HC Deb 11 August 1885 vol 300 cc1855-6

Order for Second Reading read.

Motion made, and Question proposed, "That the Bill be now read a second time."—(Mr. Attorney General for Ireland.)


said, under Clause 4 of this Bill the Lord Lieutenant would have power to appoint three Commissioners for the purposes of the Act; but he thought that would be too small a Board to efficiently discharge the duties to be entrusted to it. The number, he thought, should be increased to five. Power was proposed to the Commissioners under Clause 5 to transfer endowments for elementary education to the management of the Commissioners of National Education, and he took the opportunity of saying he should oppose any such transfer of power. The Commissioners of National Education used the powers they had badly, and no funds available under this Bill should be applied by them. If necessary, let the Board of National Education have an inspecting power; but he believed its existence would be a short one, and soon determined. He should certainly make his objection to this part of the clause in Committee.


said, it was very late, and scarcely worth while to proceed with the second reading of an important Bill. Some of his Friends from the North of Ireland had strong objection to the Bill. Would not the Government defer consideration of the Bill to a time when there would be a better attendance of Members than could be expected at half-past 3?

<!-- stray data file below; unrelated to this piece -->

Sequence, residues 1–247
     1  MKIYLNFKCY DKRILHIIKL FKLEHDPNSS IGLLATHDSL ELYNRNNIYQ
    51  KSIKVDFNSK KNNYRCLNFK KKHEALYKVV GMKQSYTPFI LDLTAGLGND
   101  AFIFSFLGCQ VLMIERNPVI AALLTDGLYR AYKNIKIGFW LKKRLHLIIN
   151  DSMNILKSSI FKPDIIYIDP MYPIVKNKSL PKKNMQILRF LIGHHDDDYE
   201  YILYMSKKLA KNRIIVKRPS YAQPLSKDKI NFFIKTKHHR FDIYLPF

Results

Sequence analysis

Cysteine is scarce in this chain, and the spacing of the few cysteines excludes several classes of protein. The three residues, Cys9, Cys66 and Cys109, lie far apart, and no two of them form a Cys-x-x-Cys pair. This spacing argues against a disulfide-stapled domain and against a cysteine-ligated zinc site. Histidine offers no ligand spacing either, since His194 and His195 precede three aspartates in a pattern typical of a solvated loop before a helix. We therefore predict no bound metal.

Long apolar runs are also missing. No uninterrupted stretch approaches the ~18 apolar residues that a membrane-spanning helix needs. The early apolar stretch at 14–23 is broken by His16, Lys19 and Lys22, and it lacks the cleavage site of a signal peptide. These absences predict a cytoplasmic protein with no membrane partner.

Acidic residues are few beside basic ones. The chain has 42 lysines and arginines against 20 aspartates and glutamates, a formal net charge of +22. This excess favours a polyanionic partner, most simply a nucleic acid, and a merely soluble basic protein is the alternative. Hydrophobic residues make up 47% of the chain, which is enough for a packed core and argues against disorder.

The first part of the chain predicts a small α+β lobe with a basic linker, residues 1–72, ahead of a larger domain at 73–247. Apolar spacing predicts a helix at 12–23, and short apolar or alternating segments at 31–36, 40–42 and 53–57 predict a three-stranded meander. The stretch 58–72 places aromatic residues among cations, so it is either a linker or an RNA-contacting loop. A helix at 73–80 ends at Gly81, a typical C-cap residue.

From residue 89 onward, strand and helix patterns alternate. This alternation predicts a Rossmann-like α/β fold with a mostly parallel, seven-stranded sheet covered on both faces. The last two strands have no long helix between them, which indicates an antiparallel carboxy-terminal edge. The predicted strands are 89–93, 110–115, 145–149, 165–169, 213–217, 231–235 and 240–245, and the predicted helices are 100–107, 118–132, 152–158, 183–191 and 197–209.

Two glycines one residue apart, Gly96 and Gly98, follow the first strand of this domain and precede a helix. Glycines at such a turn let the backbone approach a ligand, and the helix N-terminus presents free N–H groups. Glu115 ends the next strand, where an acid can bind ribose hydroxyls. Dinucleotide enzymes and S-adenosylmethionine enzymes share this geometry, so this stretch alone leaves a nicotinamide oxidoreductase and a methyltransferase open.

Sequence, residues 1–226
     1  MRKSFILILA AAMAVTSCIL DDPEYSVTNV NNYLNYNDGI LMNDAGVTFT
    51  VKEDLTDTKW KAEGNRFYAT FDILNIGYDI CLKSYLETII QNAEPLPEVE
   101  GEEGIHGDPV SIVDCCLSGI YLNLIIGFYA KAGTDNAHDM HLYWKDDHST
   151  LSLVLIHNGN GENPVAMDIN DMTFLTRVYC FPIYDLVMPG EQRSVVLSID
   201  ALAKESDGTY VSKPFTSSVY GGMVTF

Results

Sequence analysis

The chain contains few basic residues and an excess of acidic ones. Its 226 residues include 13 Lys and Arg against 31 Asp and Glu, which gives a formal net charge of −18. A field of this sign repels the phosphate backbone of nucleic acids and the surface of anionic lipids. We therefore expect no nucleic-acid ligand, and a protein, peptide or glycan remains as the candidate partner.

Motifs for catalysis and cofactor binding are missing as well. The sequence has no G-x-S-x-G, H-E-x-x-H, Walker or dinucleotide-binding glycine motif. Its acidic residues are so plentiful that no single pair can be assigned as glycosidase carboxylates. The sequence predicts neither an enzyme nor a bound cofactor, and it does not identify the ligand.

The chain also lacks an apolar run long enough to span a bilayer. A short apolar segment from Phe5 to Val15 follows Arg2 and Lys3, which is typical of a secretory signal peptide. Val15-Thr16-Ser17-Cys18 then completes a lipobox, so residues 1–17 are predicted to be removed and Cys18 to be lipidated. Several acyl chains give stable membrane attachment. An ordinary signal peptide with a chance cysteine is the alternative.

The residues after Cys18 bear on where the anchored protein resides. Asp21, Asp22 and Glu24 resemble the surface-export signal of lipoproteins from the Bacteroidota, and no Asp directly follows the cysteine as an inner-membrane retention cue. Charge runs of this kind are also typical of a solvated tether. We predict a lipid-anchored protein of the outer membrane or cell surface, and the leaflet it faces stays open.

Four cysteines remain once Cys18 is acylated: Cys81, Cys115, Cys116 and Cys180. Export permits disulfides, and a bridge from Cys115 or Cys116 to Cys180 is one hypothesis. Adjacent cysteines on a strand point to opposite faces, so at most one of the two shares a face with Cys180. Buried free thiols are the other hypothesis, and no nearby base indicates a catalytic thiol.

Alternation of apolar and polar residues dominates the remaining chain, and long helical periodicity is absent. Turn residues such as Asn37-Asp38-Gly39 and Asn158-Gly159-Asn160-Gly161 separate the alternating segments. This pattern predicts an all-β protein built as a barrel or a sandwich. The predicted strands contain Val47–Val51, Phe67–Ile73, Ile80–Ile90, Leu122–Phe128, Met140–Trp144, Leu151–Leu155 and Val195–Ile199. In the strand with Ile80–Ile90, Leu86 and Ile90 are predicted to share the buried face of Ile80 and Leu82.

said, he was very much surprised at the statement of the hon. Member, that some of his Friends entertained strong objection to the Bill, because he had been assured that the late Attorney General for Ireland (Mr. Walker) and other Members from the North of Ireland were strongly in favour of the Bill and anxious to bring it forward. As to what had been said by the hon. Member for Sligo, he had to say that he had placed an Amendment on the Paper for Committee, by which the number of Commissioners would be increased to five, and also an Amendment to the 5th clause omitting the power of transfer to the National Boards.


said, while offering no opposition to this stage of the Bill, it was right he should express the opinion that the Bill could by no means be accepted as a settlement of the question with which it dealt. Though they might allow the Bill to pass this year, Irish Members thought it right to guard themselves from allowing it to be supposed that they accepted it as a settlement of grievances such as that in connection with the Swords School. It was necessary something should be done to stop such scandals; and in allowing the Bill to pass now he guarded himself against any admission that this was the closing chapter of the controversy. It was not surprising that the position of the Bill should be unknown to the hon. Member for Donegal (Mr. Lea) and his Friends, seeing the way in which they discharged their Parliamentary duties. The Bill had been twice passed by the House of Lords, last Session and this Session, at the instance of the late Government; and of course, had they now been in power, the hon. Member for Donegal would not have ventured an objection to the Bill.

Motion agreed to.

Bill read a second time, and committed for To-morrow.